|Kyra's Law: kale is a vegetable only eaten raw. On a hammock. Otherwise it's poison.|
In the late spring, we three dinner co-op chefs met recently to check in, make sure everyone was feeling good with the food and to taste-test the fancy artisanal bitters one of them had recently brought home (verdict: mmmmmmmmm...)
It's been three years of cooking together and while we have kept the ground rules loose, we have come to recognize that there are a few secrets to success in terms of cooking for both adults and young kids worth sharing:
- Dinners where you can build your own dish are always the most popular, like falafel, fish tacos, fajitas, thai lettuce wraps, that sort of thing.
- When possible, we keep ingredients separate. Kids are weird. But if they will eat the bolognese if it's three inches away from the pasta, then I will deliver sauce and pasta in two different containers. No big deal.
- It seems like across all our families, kids will be most receptive to veggies when they are raw. That doesn't mean we don't go ahead and cook them into whatever dish is planned, but we tend to get creative with salads and veggie side dishes.
- We all agreed that while no one likes everything, having this variety put before them is turning our kids (and us) into very flexible, and increasingly adventurous eaters and that's a huge bonus to an already wonderful life-simplifier.
With that, we clinked cocktails and decided to go with a month of themed dinners. Each of us would cook one cuisine. I chose Greek. The others have gone with French and Italian, respectively. This menu is the first of four Greek-themed menus and features lamb and fava, a traditional pureed dish of the Aegean Islands (particularly Santorini) made with split peas and rich with olive oil.
Lamb Sausage, Fava and Greek Salad
The lamb sausage recipe is definitely greek-inspired but I found it in a Bon Appetit column written by one of my favorite food bloggers, Molly Wizenberg of Orangette. It's delicious, simple and the essence of Greek flavor minus martyring yourself for six hours in the kitchen. Fava is a split pea dish of the Cyclades, nourishing and deeply delicious and for the life of me, I cannot understand why more people don't know about it. I would have been among them if it wasn't for my stepmother who hails from Samos and makes a mean fava. As for the Greek salad, I provide no recipe but just chop tomatoes, cucumbers with sliced sweet peppers and onions, crumble in feta, and drown in olive oil. All of this, of course, begs for a loaf of crusty bread.
(serves 12, adapted from this February 2008 Bon Appetit recipe)
- 4 1/2 pounds cup ground lamb shoulder
- 6 large garlic cloves, pressed
- 3 teaspoons coarse kosher salt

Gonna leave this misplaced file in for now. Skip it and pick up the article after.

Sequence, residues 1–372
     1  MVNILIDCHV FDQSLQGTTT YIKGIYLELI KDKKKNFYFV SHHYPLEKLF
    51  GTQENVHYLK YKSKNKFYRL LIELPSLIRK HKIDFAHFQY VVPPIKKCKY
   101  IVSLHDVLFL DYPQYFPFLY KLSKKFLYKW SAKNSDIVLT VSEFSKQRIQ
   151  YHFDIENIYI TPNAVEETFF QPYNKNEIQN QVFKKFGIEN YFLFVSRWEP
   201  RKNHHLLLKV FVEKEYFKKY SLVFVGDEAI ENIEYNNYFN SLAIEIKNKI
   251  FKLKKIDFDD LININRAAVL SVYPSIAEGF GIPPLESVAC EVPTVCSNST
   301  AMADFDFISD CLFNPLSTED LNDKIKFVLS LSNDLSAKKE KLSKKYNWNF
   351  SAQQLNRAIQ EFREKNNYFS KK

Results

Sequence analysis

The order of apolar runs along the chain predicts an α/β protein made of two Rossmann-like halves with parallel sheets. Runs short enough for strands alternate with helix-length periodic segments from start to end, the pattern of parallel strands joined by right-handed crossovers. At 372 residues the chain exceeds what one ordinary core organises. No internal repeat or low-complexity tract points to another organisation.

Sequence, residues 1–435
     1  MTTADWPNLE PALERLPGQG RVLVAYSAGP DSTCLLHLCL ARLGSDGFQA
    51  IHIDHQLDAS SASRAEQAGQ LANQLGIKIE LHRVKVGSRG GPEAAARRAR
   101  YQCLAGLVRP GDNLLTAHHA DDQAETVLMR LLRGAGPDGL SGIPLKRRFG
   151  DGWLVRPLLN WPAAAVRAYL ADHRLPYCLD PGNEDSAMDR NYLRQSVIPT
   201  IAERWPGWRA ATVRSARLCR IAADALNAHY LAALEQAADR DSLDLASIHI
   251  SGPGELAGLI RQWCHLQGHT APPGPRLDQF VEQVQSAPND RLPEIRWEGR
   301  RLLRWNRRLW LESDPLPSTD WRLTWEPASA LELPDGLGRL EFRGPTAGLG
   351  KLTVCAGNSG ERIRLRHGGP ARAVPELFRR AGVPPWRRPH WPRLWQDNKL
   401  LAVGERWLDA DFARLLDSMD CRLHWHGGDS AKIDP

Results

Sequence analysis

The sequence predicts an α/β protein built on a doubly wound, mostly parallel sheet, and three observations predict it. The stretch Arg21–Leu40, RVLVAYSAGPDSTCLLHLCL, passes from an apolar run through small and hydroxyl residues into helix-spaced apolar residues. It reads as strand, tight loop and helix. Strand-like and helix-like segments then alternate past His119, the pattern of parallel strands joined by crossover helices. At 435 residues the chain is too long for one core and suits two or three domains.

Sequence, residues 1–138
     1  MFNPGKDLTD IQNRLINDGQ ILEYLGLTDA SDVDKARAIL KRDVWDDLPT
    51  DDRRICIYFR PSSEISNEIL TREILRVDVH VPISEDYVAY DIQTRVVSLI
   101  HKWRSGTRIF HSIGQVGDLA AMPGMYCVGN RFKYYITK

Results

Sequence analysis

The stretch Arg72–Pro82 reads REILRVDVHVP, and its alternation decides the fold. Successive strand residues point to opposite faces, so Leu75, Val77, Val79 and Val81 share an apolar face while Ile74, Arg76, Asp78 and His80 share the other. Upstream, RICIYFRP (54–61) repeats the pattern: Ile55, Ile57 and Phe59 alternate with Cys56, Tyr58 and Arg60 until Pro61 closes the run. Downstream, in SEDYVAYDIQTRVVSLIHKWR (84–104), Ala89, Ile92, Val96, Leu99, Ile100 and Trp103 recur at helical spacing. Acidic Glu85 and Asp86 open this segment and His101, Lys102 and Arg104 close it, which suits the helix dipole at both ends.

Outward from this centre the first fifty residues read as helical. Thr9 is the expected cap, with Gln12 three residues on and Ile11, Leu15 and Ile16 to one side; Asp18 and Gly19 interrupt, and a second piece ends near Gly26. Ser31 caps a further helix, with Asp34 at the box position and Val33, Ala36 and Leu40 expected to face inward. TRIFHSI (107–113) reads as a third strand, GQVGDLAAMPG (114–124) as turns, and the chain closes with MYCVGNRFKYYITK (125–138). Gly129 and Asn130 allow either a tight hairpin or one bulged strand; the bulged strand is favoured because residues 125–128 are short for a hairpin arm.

- 1 cup crumbled feta cheese
- 3 tablespoons finely chopped fresh mint
- 3 tablespoons extra-virgin olive oil
- Place lamb in large bowl. Sprinkle garlic and salt over. Gently toss lamb to blend. Combine feta and mint in small bowl.
- Divide lamb into 36 equal mounds. Using damp hands, shape each into ball. Working with 1 ball at a time, poke thumb into center to make hole. Press 1 teaspoon feta-mint filling into hole. Pinch hole closed, then press ball between palms to flatten into 3/4-inch-thick disk. Repeat with remaining lamb and feta-mint filling. (Can be made 1 day ahead. Transfer to baking sheet. Cover and refrigerate).
- Preheat oven to 250°F. Heat olive oil in heavy large skillet over medium heat. Working in batches, cook lamb sausages until browned on both sides and cooked to desired doneness, about 3 minutes per side for medium. Transfer sausages to rimmed baking sheet and place in oven to keep warm. Serve hot.
(serves 12, recipe adapted from The Olive and the Caper)
The key to this dish is the tastiest olive oil you can get your hands on. Otherwise, you can customize the toppings to suit your interest but I will encourage the use of a briny topping to balance the earthiness of the split peas. My personal favorite is capers.
6 cups yellow split peas
2 large onions, peeled
6 cloves garlic, minced
6 tablespoons olive oil
6 quarts water
2 teaspoons salt
- Rinse the peas under cold water in a colander, drain and add to a large pot. Add the onion (whole), garlic and water.
- Bring to a boil over high heat, then reduce the heat and simmer briskly, uncovered, until the peas are almost tender and much of the water is gone, about an hour.
- Partially cover the pot, reduce heat to a gentler simmer and continue cooking until the peas stir into almost a puree. The texture should be like think porridge.
- Top with a generous drizzle of olive oil and any of the toppings below. You can customize the toppings to suit your tastes but I strongly encourage the use of a briny or pickled topping to balance the earthiness of the split peas. My personal favorite is capers.
pickled red onions